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Apparatjik We Are Here Review

Album. Released 2010.  

BBC Review

The Mew/Coldplay/a-ha supergroup is certainly more than the sum of its parts.

Mike Diver 2010

Supergroup. The word sends shivers down the spine of many a music fan. Group, granted. But super? Few famous-face get-togethers produce anything other than average sounds to complement their predominant day-job projects.

Tired Pony seem to be 2010’s supergroup of note, their The Place We Ran From album attracting its share of mainstream attention. But Apparatjik offer something far more exciting, this debut set considerably more interesting than the Gary Lightbody-fronted collective’s fairly rudimentary alt-country compositions.  While it’s the presence of Coldplay’s Guy Berryman on bass that’s earned this oddly-named international ensemble much of their press to date (albeit not much), their electro-infused indie-rock quite clearly takes several of its cues from the work of Mew’s Jonas Bjerre and a-ha’s Magne Furuholmen. Echoes of the former’s No More Stories… album of 2009 can be heard in the fractured synth lines of opener Deadbeat and the digi-splutter of Antlers, while Furuholmen’s keyboard skills regularly rise to the forefront of the mix.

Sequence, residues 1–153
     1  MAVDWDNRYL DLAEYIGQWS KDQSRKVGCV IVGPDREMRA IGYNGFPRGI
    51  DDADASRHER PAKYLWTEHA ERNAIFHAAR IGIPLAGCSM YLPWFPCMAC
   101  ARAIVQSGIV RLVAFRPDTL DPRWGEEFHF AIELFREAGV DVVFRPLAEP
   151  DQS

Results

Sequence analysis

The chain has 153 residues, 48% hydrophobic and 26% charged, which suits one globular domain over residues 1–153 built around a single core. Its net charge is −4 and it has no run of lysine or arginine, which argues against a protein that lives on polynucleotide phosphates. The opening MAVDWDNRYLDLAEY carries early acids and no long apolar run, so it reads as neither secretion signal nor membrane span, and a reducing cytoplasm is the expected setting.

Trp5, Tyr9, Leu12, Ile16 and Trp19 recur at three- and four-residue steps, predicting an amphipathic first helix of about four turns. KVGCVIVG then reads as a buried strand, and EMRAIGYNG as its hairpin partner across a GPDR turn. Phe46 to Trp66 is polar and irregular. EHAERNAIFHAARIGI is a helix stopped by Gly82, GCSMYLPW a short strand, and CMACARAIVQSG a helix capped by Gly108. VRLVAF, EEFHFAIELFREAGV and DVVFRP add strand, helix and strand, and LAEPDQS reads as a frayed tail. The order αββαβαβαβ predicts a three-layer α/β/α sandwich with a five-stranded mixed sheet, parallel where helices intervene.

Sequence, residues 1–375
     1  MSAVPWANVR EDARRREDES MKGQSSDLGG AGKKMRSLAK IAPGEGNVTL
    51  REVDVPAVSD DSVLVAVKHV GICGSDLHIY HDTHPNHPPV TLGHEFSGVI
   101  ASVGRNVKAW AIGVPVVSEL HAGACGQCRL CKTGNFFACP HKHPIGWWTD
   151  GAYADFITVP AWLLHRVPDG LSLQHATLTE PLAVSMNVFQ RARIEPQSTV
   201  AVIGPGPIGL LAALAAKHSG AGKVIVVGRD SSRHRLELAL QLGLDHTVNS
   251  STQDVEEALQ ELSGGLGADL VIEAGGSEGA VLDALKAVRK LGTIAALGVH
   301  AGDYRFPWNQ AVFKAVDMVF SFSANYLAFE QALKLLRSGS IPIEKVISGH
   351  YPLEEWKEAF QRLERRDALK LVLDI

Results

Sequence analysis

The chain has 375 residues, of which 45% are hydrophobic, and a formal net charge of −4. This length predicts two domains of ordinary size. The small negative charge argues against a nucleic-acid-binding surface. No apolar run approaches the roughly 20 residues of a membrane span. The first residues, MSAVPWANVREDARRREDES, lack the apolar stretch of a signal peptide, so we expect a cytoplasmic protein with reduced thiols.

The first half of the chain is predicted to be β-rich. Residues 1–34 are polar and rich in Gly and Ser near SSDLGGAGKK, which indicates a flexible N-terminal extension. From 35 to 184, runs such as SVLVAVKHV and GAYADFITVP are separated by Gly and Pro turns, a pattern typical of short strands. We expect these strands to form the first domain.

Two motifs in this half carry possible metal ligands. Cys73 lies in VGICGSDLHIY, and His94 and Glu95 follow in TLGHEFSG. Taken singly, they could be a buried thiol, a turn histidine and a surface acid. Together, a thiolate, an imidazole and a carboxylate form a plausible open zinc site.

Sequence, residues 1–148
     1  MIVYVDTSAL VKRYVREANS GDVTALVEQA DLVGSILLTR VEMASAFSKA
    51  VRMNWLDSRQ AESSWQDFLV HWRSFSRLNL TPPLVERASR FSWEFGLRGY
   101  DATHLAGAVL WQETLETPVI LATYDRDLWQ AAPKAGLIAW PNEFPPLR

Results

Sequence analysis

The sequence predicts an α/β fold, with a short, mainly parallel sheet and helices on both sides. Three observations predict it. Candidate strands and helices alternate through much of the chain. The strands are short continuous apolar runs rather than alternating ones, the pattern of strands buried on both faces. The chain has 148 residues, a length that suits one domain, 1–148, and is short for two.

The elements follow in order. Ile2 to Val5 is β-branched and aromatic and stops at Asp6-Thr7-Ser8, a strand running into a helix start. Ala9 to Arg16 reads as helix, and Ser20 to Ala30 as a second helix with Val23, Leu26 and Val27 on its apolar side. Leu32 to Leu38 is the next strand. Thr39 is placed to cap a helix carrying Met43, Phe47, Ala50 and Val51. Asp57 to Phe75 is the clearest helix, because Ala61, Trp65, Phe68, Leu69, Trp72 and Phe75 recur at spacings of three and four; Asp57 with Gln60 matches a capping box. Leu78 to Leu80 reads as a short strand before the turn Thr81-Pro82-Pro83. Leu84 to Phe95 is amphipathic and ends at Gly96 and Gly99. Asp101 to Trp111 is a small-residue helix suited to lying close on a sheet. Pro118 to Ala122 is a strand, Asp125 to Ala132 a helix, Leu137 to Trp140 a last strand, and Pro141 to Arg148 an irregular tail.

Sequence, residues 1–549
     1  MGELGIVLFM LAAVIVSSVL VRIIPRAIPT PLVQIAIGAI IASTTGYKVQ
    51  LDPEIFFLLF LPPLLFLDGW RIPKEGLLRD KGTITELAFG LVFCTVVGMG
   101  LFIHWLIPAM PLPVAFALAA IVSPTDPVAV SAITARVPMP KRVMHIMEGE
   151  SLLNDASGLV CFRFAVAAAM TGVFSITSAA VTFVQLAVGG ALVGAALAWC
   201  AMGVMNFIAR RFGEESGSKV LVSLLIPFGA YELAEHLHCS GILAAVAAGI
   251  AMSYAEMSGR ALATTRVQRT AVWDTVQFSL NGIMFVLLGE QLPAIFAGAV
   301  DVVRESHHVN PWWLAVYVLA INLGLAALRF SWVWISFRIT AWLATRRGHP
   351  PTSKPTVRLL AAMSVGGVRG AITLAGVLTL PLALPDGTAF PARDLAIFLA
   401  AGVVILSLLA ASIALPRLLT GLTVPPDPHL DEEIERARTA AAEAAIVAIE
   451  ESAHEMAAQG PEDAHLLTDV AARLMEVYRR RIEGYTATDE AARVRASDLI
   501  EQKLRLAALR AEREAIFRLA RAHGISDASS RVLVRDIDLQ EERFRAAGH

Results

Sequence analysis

Unlike most collaborations between artists from different positions in the music industry’s hierarchy, Apparatjik actually sound like a proper band – at no point does We Are Here seem to bow to one constituent’s personal demands. Electric Eye finds vocalists taking turns at the microphone, but these contributions are perfectly complementary; Datascroller, too, mixes its voices to great effect, employing effects to lend a robotic feel to the album’s most immediate track. Snow Crystals, meanwhile, is a gorgeous approximation of Animal Collective if the acclaimed experimentalists were rendered in 8-bit graphics. Drummer and producer Martin Terefe does a great job of gluing everything together, his percussive work never showy but doing what it needs to so that everybody’s pieces gel. If you didn’t know who was involved, you’d assume Apparatjik was a brand-new band of previous unknowns. This: a compliment indeed.

It might never be much of a going concern for its members, but Apparatjik could easily attain an admirable level of recognition – and there’s every suggestion that they could create something even more magical than this album, if allowed. They’re more than the sum of their parts, and then some.

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